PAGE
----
The Pekingese is an ancient toy breed of dog, originating in China. They were the favoured imperial pets. Good-natured and happy, these dogs are a pleasure to keep.
They enjoy family environments, but require regular cleaning if in outdoor environments. Their eyes are very delicate as they sit above the socket rather than within the socket.
These dogs are also called, Dogs of Foo (or Fu) by the Chinese, and how much they are revered can be seen in the number of Chinese artworks depicting them. They were considered a guardian spirit, as they resembled Chinese lions.
This breed is well over 2000 years old and has hardly changed in all that time. One exception is that modern breeders and dog-show judges seem to prefer the longhaired type to the more-traditional spaniel-type coat.
The most common colour is red sable; this is the colour of the majority of Pekingese’s. Black and tan is popular as well, but the dog show people seem to prefer blondes to the black and tans. The solid white (except face) or solid black Pekingese is quite striking. The face is usually black with deep brown eyes. There was, supposedly, in a British Pekingese line, a blue (grey) Pekingese.
The Pekingese is like no other in the dog world. Because the Chinese originally bred them to be companions to the Emperor and his ladies and eunuchs, they are bowlegged to discourage wandering. However, they can and will keep up with the big dogs when allowed. The bowlegged ness makes their walk, run, or trot quite striking. Pekingese’s weigh from 7 to 14 pounds and stand about 6-9 inches (15-23 cm).
These dogs can be stubborn and jealous. This is not a dog for someone who wants a dog that always comes when it is called. It is easy to believe that Pekingese know that they are royalty and expect you to know it, too. This might make them unsuitable for the first-time dog owner. Where as a cat can be trained, a Pekingese needs to be convinced that the training is beneficial to him as well as to you. But, if they love you, they will do anything for you, even fight to the death to protect you.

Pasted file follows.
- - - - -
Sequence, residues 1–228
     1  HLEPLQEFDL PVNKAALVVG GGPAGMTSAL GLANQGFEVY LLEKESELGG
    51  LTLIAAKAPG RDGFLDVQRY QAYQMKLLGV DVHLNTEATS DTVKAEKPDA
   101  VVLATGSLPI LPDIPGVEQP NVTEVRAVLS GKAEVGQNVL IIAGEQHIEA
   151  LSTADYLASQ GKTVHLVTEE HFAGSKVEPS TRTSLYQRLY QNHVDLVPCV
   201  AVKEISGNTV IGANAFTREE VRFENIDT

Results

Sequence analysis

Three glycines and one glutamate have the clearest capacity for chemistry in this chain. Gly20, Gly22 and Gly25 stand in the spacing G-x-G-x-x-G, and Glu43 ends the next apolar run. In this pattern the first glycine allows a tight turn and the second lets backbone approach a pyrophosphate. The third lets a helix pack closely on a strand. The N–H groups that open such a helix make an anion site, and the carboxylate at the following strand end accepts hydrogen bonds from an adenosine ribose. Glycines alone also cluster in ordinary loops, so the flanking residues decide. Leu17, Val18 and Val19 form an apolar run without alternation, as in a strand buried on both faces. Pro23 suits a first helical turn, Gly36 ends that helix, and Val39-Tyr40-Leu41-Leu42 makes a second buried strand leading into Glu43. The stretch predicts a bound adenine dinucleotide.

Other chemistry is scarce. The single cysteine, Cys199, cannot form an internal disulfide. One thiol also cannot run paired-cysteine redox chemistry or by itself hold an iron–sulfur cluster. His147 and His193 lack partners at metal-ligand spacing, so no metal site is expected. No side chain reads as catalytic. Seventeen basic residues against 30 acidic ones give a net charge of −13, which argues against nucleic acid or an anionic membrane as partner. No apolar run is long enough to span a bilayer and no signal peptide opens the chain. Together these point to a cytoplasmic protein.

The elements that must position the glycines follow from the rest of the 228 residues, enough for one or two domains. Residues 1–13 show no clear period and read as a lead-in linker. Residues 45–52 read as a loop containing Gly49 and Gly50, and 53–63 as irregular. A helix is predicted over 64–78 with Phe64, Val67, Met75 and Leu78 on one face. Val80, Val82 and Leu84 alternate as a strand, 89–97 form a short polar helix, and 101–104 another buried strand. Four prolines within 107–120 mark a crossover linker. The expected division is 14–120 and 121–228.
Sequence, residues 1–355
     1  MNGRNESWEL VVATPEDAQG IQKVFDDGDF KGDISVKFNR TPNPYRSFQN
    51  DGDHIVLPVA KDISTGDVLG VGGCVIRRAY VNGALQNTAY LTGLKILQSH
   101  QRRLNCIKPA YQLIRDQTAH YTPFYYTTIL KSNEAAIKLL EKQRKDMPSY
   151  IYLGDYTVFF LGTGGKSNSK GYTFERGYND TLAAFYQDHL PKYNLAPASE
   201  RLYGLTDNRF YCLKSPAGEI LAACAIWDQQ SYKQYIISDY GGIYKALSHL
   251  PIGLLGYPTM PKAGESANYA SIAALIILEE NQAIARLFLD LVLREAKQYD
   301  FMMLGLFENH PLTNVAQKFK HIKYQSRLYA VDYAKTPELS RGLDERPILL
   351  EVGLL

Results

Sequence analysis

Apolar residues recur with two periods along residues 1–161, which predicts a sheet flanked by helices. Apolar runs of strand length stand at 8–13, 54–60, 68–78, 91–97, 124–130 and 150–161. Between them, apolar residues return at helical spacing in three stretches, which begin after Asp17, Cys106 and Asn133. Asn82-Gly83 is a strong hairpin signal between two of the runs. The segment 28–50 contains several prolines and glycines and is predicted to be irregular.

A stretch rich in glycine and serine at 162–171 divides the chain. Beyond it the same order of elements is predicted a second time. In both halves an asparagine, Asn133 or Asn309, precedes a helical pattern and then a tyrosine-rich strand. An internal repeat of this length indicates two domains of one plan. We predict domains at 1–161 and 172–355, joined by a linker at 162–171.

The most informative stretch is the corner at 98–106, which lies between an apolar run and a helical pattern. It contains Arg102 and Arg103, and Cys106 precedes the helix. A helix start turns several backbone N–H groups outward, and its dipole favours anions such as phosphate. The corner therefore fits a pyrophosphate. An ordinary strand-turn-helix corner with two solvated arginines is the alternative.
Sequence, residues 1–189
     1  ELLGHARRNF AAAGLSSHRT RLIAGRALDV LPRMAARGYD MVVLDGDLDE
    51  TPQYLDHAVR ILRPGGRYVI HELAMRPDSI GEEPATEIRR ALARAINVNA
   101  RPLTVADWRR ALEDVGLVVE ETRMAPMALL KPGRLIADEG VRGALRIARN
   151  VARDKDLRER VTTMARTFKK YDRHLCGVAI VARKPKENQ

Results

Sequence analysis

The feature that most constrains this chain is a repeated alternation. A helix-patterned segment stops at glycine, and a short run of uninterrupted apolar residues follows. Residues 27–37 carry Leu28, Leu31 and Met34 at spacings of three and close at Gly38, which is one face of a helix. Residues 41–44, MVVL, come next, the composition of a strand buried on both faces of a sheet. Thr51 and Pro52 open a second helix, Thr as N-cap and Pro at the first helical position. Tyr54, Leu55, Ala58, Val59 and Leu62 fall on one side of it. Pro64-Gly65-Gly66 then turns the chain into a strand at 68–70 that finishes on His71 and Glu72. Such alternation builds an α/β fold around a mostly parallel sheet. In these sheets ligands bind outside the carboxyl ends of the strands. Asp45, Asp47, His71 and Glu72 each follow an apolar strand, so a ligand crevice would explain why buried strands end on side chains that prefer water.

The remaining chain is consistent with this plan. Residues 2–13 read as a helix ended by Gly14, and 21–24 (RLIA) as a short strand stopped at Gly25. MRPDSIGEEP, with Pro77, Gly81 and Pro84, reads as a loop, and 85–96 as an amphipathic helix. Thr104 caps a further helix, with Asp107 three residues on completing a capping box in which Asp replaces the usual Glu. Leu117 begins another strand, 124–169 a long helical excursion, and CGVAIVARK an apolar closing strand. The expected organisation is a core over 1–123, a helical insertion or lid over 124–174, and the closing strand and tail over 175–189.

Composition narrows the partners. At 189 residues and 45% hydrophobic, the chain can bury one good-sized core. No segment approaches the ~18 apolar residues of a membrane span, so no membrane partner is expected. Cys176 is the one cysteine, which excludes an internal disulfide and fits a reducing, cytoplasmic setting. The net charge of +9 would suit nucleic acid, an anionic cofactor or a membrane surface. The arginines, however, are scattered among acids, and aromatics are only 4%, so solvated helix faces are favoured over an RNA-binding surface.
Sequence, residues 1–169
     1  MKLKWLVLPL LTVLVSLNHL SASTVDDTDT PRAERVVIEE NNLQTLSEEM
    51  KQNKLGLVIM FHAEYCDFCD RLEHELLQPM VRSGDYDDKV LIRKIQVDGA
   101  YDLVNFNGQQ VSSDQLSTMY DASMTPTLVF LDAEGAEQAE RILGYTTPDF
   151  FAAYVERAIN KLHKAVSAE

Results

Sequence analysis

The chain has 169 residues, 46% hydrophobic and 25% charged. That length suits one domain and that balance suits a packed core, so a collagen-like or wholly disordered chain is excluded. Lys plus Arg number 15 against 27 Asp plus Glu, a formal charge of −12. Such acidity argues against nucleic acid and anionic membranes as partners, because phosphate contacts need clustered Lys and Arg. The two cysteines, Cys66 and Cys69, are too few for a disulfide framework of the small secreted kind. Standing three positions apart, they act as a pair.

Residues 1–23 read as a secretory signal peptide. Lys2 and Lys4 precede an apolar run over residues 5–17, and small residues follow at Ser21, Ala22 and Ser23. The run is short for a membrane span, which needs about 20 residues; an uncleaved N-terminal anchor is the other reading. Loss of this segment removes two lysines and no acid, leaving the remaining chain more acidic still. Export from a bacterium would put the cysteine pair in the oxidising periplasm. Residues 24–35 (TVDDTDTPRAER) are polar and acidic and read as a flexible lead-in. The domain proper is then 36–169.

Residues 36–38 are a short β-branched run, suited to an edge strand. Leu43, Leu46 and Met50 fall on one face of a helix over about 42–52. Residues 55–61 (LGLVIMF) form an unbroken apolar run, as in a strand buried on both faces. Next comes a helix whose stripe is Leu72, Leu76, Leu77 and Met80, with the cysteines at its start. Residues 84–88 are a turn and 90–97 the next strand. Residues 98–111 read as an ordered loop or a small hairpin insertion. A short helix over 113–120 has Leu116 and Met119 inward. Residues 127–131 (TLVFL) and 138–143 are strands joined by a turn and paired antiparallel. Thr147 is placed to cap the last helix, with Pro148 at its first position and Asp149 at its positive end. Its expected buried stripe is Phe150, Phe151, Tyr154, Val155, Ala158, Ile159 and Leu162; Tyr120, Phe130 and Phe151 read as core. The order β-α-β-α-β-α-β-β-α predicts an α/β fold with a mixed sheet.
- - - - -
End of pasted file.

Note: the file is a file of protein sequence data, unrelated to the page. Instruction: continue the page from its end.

The Pekingese is generally a one-person dog. They decide whom they like best, and it might surprise you. They more than tolerate the others in their person's life, but that person might have to withhold some attention from the Pekingese if there is a danger that this dog sees a child as a rival. Most healthy and well-trained Pekingese are fine with children.
Once this remarkable little breed for, unlike the Pomeranian, owns you he is no tyrant, nor a clown you might be spoiled for any other breed.
The breed originated in China in antiquity, most likely from Asian wolves. Recent DNA analysis confirms that this is one of the oldest breeds of dog. For centuries, only members of the Chinese Imperial Palace could own them.
During the Second Opium War, in 1860, the Forbidden City was invaded by Allied troops. The Emperor Xianfeng had fled with all of his court. However an elderly aunt of the emperor remained. When the ‘foreign devils’ entered, she committed suicide. She was found with her five Pekingese mourning her passing.
The Allies removed them before the Old Summer Palace was burnt. Lord John Hay took a pair, later called ‘Schloff’, and ‘Hytien’ and gave them to his sister, the Duchess of Wellington.
Sir George Fitzroy took another pair, and gave them to his cousins, the Duke and Duchess of Richmond and Gordon. Lieutenant Dunne presented the fifth Pekingese to Queen Victoria of the United Kingdom, who named it Looty.
The Empress Dowager Cixi presented Pekingese to several Americans, including John Pierpont Morgan and Alice Roosevelt, wife of Theodore Roosevelt.